Hyles lineata lineata

Hyles lineata lineata
(Fabricius, 1775) Sphinx
White-lined Sphinx

Hyles lineata, Cheyenne, Laramie County, Wyoming,
October 24, 2008, courtesy of Cristina J. Sheats.

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Family: Sphingidae, Latreille, 1802
Subfamily: Macroglossinae, Harris, 1839
Tribe: Macroglossini, Harris, 1839
Genus: Hyles Hubner, [1819] ...........
Species: lineata lineata (Fabricius, 1775)


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Hyles lineata pupation chamber, Cheyenne, Laramie County, Wyoming,
September 21, 2008, courtesy of Cristina J. Sheats.

Some sphingidae species pupate deep (up to six inches) underground. This one, Hyles lineata, appears to have chosen a site between one and two inches beneath the soil surface in the clear enclosure.

The chamber is formed as the larvae thrashes around a bit and sweats off excess moisture. The moisture from the sweating and the compaction from the thrashing serve to cement the chamber walls. Larvae which are not going to diapause (hibernate) for the winter, sometimes spend less than two weeks in the chamber; larvae of other species may spend several fall and winter months in diapause before emerging the following spring or summer.

The pupa in Cristina's picture has just shed its caterpillar skin and is quite soft and a greenish yellow colour. The pupal shell usually hardens and turns brownish within a few hours.

Most people who have turned soil in a garden have encountered moth pupae at one time or another. There are other moth families and subfamilies whose larvae pupate underground.

Cristina writes, "This is the set up we created for our last sphinx moth guest in 2008 ... as you can see, that one was a success. We actually fed it for about a week before it pupated. That was good, because it gave me time to research it, and it was during that time I learned some caterpillars pupate underground - WOW! Did we learn something new! As you can see, we were absolutely blessed that after completely rearranging every speck of dirt in his habitat, that he (or was it a she - the moth that emerged had club-shaped antennae) decided to pupate right up front where we could watch the whole thing.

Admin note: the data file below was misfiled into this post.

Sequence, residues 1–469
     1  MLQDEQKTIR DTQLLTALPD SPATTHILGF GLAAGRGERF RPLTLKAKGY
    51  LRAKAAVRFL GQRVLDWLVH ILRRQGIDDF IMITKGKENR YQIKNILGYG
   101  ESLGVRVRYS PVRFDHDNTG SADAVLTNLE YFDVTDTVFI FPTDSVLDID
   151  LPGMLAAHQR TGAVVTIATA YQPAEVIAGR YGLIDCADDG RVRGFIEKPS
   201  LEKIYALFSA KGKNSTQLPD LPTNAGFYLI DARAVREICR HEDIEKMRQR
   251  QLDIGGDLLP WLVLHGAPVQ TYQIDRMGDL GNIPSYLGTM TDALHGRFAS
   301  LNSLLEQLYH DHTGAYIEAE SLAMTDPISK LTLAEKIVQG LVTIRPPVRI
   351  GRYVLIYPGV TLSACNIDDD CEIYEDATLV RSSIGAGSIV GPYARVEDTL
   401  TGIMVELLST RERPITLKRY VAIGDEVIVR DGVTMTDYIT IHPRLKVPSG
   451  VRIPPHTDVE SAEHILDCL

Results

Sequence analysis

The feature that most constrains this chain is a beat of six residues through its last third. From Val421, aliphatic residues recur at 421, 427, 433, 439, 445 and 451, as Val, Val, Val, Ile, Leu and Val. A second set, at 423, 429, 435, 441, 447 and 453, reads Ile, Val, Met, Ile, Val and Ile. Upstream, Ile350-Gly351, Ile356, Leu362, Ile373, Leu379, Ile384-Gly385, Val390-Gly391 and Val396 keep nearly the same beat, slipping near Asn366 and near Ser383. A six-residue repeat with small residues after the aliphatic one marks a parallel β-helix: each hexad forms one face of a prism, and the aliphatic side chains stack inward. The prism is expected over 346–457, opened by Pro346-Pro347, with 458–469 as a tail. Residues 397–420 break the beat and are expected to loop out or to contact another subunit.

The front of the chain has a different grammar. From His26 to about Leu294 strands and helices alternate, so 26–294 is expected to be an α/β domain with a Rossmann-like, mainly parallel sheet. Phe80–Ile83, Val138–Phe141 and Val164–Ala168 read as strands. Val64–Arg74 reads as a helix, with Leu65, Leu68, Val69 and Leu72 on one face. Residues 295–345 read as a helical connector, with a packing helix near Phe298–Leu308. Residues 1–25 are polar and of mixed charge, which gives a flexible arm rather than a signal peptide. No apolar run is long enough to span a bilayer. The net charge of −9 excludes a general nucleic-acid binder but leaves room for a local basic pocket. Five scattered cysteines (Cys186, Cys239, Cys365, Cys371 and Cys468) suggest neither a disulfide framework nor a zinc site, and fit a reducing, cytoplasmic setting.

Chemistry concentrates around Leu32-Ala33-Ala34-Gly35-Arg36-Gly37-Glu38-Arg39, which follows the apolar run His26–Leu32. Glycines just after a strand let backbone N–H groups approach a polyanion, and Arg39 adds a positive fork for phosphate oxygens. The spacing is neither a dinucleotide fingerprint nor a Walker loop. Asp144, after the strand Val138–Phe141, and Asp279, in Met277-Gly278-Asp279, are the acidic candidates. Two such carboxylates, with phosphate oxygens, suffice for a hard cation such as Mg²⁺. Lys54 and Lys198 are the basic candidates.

"The dates for that "sighting" are on the pictures if you want to update the White Lined Sphinx moth report on your web page, and, yes, you are more than welcome to use my pictures.

"Well, we've completely lost sight of our current guest (Eumorpha achemon larva, August 2010), so we'll just have to wait and see where he/she settles. Can we expect a similar length pupation? The last one was almost exactly a month."

I replied, "Recently I have received reports of Eumorpha pandorus moths (close relatives) emerging from pupae within two weeks of pupation, but they were from the southeastern US where it is considerably warmer with a longer "growing season". I do not know if the moth will emerge in just a couple of weeks or if it will be in a diapausing (hibernating) state, and not emerge until next spring. Much depends upon temperature and length of daylight photoperiod that the larvae experience as they near maturity.

"I also notice what might be some parasitoid wasp/fly entry wounds (little black dots) on some of the thoracic segments of your Eumorpha achemon larva. The spots may be flecks of dirt, but if a parasitic wasp or fly deposited eggs on the surface of the caterpillar, and the parasitic larvae burrowed in, then no moth will emerge from this caterpillar, even if it does pupate successfully. Some parasitoids have a long ovipositor that they insert into the larvae, enabling them to deposit eggs internally. This process also leaves a surface scar on the caterpillar larva. Hope your larva does not have parasites, which are specific to larvae and not to humans."

Eumorpha achemon fifth instar, Cheyenne, Laramie County, Wyoming,
August 27, 2010, courtesy of Cristina J. Sheats.

I have put some little, light blue boxes around what I think might be entry wounds. Hope that is not what the spots are. It is a bug eat bug world out there, and many found larvae have parasitoids which eventually kill the host as they mature.

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